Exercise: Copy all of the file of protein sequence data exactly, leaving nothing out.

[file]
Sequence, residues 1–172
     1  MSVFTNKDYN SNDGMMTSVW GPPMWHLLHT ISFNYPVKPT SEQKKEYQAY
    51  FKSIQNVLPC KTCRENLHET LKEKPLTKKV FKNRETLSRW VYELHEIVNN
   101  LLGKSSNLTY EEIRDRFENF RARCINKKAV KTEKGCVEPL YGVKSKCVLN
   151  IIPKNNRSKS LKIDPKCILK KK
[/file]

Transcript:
Sequence, residues 1–172
     1  MSVFTNKDYN SNDGMMTSVW GPPMWHLLHT ISFNYPVKPT SEQKKEYQAY
    51  FKSIQNVLPC KTCRENLHET LKEKPLTKKV FKNRETLSRW VYELHEIVNN
   101  LLGKSSNLTY EEIRDRFENF RARCINKKAV KTEKGCVEPL YGVKSKCVLN
   151  IIPKNNRSKS LKIDPKCILK KK